Sonata for Violin and Piano
Sonata in B flat for Piano and Violin, K378
Sonata No.2 for Violin and Piano, Op.149 [world premiere]
Sonata in B minor for Violin and Piano
Lisa Ueda (violin) & Daniele Rinaldo (piano)
Reviewed by: Colin Anderson
Reviewed: 12 April, 2015
Venue: Wigmore Hall, London
I have not heard too much of Robert Matthew-Walker’s music, and his is now an extensive catalogue, but the musical appetite was whetted with the recent Naxos release of his ‘Hamlet’ Piano Sonata, a piece that certainly takes you on to explore further, making this first outing for Violin Sonata No.2 a must. At the suggestion of José Serebrier, it was written for Lisa Ueda and Daniele Rinaldo, a duo formed in 2009 at the Royal Academy of Music. This was the musicians’ Wigmore Hall debut.
In his Opus 149 (completed in February), Matthew-Walker (born 1939 and including Darius Milhaud among his mentors) has composed a likeable piece, immediately accessible but intriguing enough for one to want to hear it again. Over twelve minutes a lot of ground is covered – Tzigane-like initially for the violin, gypsy passions set against a contemplative piano. This is music full of Eastern Promise, rigorous yet rhapsodic with many rhythmic sleights of hand, lyrically generous, too, and folksy. Maybe though it is too consciously succinct, for the Sonata seemed over a bit too soon. In the presence of the composer, the Ueda/Rinaldo duo gave a persuasive first performance.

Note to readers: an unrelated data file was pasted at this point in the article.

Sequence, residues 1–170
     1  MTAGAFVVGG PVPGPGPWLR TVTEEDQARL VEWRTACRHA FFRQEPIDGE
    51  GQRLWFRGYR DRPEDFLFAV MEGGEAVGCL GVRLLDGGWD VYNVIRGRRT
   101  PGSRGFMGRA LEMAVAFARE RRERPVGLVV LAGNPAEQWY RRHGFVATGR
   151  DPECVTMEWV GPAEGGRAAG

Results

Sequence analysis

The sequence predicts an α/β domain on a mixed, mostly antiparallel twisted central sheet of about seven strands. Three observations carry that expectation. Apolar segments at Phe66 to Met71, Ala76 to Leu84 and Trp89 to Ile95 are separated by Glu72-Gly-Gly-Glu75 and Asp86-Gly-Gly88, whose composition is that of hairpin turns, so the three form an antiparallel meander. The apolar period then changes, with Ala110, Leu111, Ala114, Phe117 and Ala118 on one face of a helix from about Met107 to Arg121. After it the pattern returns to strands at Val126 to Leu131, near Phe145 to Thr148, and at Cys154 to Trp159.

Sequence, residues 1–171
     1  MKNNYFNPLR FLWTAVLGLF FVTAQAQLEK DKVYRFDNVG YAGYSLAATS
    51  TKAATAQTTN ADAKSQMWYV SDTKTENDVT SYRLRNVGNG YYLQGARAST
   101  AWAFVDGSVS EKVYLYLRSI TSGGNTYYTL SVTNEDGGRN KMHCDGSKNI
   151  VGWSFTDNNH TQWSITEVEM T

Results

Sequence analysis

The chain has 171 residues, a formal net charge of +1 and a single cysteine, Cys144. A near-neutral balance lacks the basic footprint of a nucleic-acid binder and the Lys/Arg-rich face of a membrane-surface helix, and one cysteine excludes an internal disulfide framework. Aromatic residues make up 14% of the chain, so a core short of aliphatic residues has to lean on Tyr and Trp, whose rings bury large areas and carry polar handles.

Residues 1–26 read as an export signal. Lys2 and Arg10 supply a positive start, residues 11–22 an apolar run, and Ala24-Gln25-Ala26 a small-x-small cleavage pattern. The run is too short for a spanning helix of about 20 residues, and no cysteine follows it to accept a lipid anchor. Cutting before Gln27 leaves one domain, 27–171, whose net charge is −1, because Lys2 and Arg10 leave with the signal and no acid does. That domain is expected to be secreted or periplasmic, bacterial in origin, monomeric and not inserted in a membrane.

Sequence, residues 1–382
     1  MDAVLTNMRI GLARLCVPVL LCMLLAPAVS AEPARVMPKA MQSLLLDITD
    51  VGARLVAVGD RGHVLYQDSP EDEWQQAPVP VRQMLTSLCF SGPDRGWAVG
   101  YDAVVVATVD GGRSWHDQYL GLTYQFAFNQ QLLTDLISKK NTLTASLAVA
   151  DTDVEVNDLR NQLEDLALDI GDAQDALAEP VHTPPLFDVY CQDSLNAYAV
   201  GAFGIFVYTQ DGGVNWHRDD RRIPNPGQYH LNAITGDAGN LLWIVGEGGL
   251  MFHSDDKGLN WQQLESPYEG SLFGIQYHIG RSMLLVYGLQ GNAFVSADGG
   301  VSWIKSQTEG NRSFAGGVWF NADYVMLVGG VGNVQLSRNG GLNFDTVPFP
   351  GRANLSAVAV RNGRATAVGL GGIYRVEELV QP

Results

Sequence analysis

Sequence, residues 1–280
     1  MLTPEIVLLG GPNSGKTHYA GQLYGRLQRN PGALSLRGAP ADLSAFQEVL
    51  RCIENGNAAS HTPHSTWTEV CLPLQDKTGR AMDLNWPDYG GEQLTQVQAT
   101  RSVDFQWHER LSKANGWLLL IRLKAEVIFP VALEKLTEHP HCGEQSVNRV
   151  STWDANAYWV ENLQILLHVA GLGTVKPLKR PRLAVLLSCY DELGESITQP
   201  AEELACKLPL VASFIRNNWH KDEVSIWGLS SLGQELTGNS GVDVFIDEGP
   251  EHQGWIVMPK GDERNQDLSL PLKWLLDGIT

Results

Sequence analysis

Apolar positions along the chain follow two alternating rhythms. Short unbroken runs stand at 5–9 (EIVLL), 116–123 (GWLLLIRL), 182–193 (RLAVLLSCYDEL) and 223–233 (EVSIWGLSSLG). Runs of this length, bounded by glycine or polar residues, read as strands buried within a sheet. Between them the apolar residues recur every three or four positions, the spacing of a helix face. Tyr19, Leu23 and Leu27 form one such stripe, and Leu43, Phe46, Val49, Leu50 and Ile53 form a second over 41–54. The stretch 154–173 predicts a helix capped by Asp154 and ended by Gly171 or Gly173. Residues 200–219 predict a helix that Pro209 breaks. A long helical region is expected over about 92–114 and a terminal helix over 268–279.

In the recital’s first half, Rinaldo had established himself as a musician of considerable personality and ability; if there was a problem it was that he could be too loud (if also commanding a wide dynamic range) and, crucially, came close to dominating Ueda, while she had some intonation problems and didn’t always conjure the fullest tone; indeed it was rather dull in the Mozart, the first movement too nifty (it is more sovereign than this), although the slow one was songful (with a gently witty ending) and the finale had unforced joie de vivre. The Janáček emerged only fitfully inspired, as much the composer’s doing for all that he lavished revisions upon it until finally releasing the piece in 1921. No doubting though the duo’s intense commitment, as earthy as it was intimate.
In Ottorino Respighi’s Sonata (1917), Ueda was much more secure, if still prone to some pitching and tonal weaknesses, and even allowing for the Brahmsian thickets of notes that the pianist has to negotiate, Rinaldo remained in danger of swamping the violinist for all his sympathetic modulation elsewhere. The Respighi is an expansive work, soulful, restless and nobly impassioned, and taking recourse in tradition with a finale cast as a passacaglia. It was certainly fiery, affecting and bracing here.
The artists’ encore may well have saved their very best until last, the second movement ‘Danza’ from Nikolai Medtner’s Violin Sonata No.1 (also in B minor, from 1910), elegance and rapidity side by side, given here with affection and quick-change deftness. It completed this Kirckman Concert Society presentation in terrific style.